Most Extreme Movies for Horror Fans
The films I've compiled are truly some of the most disturbing narrative movies ever created, and this list is for informational purposes only. If you choose to watch any of the films listed, I recommend you do further research to ensure that you feel able to handle the content depicted.
I will not be using content warnings as I feel it would get redundant. If you have any sensitivities around depictions of violence or human suffering, I do not recommend watching any of the following films or reading this article.
Additionally, some of the following films are banned from screening and distribution in certain countries, so please comply with all local laws if you choose to watch any of the films listed below.
Lastly, this article was written for adults, and if you are the parent of a young horror fan, I do not recommend showing these films to them. Even if they're comfortable with films such as Hostel and Saw, they will encounter far more extreme content in all of the films listed below.
1. Martyrs (France, 2008)
Martyrs tells the story of a woman who escaped unspeakable physical torture as a child, and years later, tracks down her captors with vengeance in mind.
But this is only the beginning of the grim story that Martyrs tells, as the characters discover that there was a purpose behind the cruelty the woman experienced as a child and that this purpose has not yet been fully realized.
Unfortunately, there is not much I can say about this film without giving too much away. But, if you're a fan of the captive/torture sub-genre of horror, I think you will find that this movie shatters a number of genre expectations in the best way.
It is bleak, slow burning, and grows increasingly hopeless with each minute. However, at the same time, it earns its often gratuitous cruelty by forcing the audience to suffer along with the victims in the film. There are no flashy, gimmicky death traps. Just slow and methodical cruelty that will stick with you long after the credits roll.
2. Salo, or the 120 Days of Sodom (Italy, 1975)
Though not everyone can agree that this is a horror film, it is hands down one of the most difficult and disturbing movies I have ever watched.
The film is set in fascist-occupied Italy during World War II as four wealthy dignitaries conspire to marry each other's daughters and kidnap 18 local teenagers, subjecting them to 120 days of unending torture.
And when I say torture here, I mean some really weird and out there stuff. Picture the weirdest thing you could imagine I'm describing here, and make it 100% weirder.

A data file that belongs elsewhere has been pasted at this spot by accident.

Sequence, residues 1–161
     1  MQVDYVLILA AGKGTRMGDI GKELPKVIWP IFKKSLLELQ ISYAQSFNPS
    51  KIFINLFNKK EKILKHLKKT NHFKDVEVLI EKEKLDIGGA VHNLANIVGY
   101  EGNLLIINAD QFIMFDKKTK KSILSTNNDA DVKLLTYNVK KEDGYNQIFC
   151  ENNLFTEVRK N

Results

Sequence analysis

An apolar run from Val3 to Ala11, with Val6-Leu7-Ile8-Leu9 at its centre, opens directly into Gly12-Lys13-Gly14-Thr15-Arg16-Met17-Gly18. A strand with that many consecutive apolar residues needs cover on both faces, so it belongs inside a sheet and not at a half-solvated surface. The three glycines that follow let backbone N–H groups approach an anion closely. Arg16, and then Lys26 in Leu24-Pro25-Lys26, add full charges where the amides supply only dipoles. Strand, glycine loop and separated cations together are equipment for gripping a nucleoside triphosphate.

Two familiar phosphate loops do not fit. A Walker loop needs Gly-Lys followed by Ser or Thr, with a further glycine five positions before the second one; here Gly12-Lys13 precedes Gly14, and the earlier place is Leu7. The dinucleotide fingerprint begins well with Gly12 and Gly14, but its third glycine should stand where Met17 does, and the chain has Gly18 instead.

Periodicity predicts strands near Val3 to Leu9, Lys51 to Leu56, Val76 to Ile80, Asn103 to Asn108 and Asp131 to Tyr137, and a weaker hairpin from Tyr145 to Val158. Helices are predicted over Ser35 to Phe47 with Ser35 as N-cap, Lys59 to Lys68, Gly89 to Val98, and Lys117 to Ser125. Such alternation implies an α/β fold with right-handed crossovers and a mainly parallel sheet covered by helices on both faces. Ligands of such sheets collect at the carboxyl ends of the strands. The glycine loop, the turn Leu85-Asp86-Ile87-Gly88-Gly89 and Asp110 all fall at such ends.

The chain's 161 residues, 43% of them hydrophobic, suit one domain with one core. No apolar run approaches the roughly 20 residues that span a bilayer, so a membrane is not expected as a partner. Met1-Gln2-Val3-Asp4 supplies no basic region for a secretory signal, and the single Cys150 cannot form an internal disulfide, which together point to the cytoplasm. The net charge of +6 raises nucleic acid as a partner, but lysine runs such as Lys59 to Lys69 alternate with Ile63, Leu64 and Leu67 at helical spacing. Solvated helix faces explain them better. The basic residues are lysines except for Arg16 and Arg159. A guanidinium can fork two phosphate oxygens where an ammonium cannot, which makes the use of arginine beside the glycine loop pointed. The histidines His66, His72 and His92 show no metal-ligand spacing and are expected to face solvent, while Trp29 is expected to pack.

But one of the most challenging and stomach-churning parts of watching this film is the pointlessness of it all. Out of nowhere, the men will begin casually abusing their captives, and it in no way advances the story.
A scathing criticism of capitalism, opulence, and authority, this film is carefully crafted and extremely smart. The only issue is being able to make it to the end.
3. Begotten (United States, 1989)
I had never heard of this film when I first saw it at a film festival, and I was not prepared for what I experienced.
The film opens with the image of a featureless being, self-flagellating in the corner of an abandoned house, and this sets the tone for the rest of the film's relatively short runtime.
With a visual style reminiscent of the German Expressionist era, its sharp juxtaposition of shadows and light obscure some of its most terrifying images, inspiring even greater unease in its audience.
And perhaps I'm not the only one who feels this way, because despite never seeing mass-market distribution, Begotten is banned in Singapore due to its graphic content and depiction of religious icons.
4. A Serbian Film (Serbia, 2010)
Functionally banned from screening in Australia, New Zealand, and Spain, A Serbian Film is one of the most extreme contemporary films ever to see wide distribution.
It tells the story of an out-of-work adult actor who is hired by a shady production company to perform in a film for which he will be paid an incredible sum.
However, as he begins working on the project, he realizes that the producers have intentions for him that are far more sinister than he (or the film's audience) could ever fathom.
The film is extremely controversial among critics and academics, with many accusing the film of being pointlessly excessive, while others accept and celebrate the filmmakers' assertion that the movie is a protest against the social and financial powers that control the manner in which Eastern Europe is portrayed through film.
5. The Green Elephant (Russia, 1999)
In the same year that the American film The Blair Witch Project introduced a wide audience to the "found footage" genre of horror films, The Green Elephant was fighting to see wider distribution.
However, this cult exploitation horror film would never be seen widely because of its extremely realistic depictions of violence, psychological torture, and humiliation. It even received a distribution ban in Belarus.
This film depicts the events following the capture of two junior officers in the Soviet Army, including their steep mental decline, and brutal treatment. Its grit comes from its incredible realism, primarily made up of long shots using a camcorder and camera light, improvised dialogue, and its brutal depiction of human despair.
Noel Penaflor from California on September 13, 2021: